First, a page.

And I, for the first time in decades, have become a baseball fan again.

Though I recognize the names of only a handful of players, I find myself often in front of our home computer, probing statistics as I “watch” the play-by-play of Rockies’ games and track each pitch thrown to Rutledge.

Following baseball, I have learned, has changed a lot since my earlier days of listening via KMOX out of St. Louis to the Cardinals late at night on my bulky red transistor radio, huddled under the covers of my bed for both parental secrecy and privacy.

It’s been fun reconnecting to the game and exciting to see him succeed. I hope his story gets even better.

Getting an autograph, then, may be the next step.

(580) 255-5354, Ext. 130

Text Only
  • Governor, state Legislature have misplaced priorities

    If the Oklahoma State Legislators and our Governor spent less time interfering in women’s rights to manage their bodies, creating ways to lay more taxes and fees on the middle class in order to generate more tax breaks which benefit only the wealthy while also conceiving methods with which to fill Oklahoma’s for-profit prisons, they would be doing all of us a favor. Instead, why not work to enhance funding for our schools and wage increases for all school employees? While reforming the state’s educational budget, why don’t they approve wage increases for our Oklahoma State Troopers and enlarge their Academy to insure qualified individuals are ready to fill the upcoming vacancies as many of the older force retire?

    April 9, 2014

  • Self government key to keeping politicians in check

    Last week, the U.S. Supreme Court ruled 5-4 that federal campaign laws that limit the total amount of money donors can give to political parties, committees and candidates for federal office (U.S. House, Senate, and President) was unconstitutional. The ruling will not increase the current $2,600 limit on how much a donor can give to a federal candidate in each primary and general election or the $32,400 limit that can go to a national party committee. Those limits are still in place.  The ruling will instead remove the limit on how many candidates/committees to which a donor can contribute.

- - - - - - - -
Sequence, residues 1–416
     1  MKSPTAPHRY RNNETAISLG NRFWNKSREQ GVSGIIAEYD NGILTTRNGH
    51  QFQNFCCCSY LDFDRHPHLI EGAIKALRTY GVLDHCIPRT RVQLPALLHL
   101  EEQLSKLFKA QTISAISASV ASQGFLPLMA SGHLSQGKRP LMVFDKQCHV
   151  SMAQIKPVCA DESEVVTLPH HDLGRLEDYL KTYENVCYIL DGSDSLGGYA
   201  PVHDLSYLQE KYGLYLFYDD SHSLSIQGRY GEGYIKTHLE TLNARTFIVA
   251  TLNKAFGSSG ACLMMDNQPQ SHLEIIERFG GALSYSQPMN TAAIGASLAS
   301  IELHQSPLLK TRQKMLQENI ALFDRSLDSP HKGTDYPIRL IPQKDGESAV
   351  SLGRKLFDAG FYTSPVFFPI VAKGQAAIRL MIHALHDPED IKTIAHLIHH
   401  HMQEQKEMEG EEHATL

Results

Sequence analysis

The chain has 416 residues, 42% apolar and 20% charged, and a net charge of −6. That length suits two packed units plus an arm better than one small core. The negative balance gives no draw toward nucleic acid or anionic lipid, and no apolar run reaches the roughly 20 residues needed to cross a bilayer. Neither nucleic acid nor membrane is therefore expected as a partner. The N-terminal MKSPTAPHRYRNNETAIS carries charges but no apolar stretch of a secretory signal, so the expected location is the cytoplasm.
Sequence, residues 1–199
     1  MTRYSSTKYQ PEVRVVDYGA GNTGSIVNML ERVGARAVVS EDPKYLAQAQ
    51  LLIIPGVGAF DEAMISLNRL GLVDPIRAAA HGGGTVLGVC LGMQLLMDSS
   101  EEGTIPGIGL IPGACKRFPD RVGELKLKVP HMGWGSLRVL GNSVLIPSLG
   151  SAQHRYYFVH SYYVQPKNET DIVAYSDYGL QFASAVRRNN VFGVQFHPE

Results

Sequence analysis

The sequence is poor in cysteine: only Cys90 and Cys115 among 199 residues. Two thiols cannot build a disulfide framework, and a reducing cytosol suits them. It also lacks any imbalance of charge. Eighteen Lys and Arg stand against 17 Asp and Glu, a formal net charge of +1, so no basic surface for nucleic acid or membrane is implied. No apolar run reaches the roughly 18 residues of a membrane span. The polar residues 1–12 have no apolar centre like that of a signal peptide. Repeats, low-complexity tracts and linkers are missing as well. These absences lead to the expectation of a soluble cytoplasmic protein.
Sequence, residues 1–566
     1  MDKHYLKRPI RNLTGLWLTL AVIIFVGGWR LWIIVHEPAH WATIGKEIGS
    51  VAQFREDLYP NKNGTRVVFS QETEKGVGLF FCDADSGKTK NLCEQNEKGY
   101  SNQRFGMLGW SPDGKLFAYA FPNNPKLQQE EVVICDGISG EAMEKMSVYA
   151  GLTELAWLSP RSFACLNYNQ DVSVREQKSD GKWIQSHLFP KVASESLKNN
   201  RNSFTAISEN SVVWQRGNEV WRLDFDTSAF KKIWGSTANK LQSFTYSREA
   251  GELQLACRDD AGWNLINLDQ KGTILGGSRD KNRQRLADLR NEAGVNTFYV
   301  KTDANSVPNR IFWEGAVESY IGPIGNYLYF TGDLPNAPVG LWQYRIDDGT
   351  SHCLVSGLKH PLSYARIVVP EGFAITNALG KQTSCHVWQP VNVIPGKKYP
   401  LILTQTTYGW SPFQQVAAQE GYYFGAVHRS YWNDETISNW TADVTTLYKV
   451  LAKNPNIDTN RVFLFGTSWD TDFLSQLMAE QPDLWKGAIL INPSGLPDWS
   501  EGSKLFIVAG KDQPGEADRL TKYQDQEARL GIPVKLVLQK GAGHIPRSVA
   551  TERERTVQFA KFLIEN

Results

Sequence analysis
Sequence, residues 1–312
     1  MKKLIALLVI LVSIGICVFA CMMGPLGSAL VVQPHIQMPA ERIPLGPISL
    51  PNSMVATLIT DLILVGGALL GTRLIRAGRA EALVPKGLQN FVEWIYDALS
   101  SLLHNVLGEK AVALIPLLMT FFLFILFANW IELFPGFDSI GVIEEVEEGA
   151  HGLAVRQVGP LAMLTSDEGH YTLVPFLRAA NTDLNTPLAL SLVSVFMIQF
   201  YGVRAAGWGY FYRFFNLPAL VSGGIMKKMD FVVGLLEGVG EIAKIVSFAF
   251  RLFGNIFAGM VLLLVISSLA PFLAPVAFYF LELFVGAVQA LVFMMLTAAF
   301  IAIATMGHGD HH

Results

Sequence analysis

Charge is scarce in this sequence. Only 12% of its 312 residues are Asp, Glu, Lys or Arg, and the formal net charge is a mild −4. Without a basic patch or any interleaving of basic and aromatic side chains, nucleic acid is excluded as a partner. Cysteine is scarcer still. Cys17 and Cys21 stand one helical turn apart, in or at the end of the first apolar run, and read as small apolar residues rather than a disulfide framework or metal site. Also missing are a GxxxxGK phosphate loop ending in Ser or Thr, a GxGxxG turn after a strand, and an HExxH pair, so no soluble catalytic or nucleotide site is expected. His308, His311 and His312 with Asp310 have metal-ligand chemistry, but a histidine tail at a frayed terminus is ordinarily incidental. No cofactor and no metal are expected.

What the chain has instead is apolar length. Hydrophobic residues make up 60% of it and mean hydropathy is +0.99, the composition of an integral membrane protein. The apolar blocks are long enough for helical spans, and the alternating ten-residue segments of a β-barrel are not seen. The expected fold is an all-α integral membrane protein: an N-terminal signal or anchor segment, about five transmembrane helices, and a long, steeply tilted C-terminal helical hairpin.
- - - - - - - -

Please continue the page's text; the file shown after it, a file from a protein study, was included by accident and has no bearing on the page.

April 9, 2014

  • Legislative goals crucial to priorities in education

    I am a member of several professional organizations where I attend regular meetings, network with colleagues, and stay abreast and informed on education best practices.  The Cooperative Council for Oklahoma School Administration, better known as CCOSA, is a nonprofit organization that establishes close and continuous communication and cooperation between educators, taxpayers, and legislators to improve the effectiveness of professional school administrators and to communicate the needs of schools. Attendance this time of year is especially critical because legislators are in session.

    March 28, 2014

  • An impressive ranking that could be better

    That Duncan was named one of the best 15 communities in Oklahoma by Movoto, a national Real Estate company, is news worth celebrating.
    Of 43 places with population of 10,000 or more, as determined by the U.S. Census data, Duncan finished 15th. Norman was first, Edmond second, Yukon and Moore tied for third and Bethany was fifth.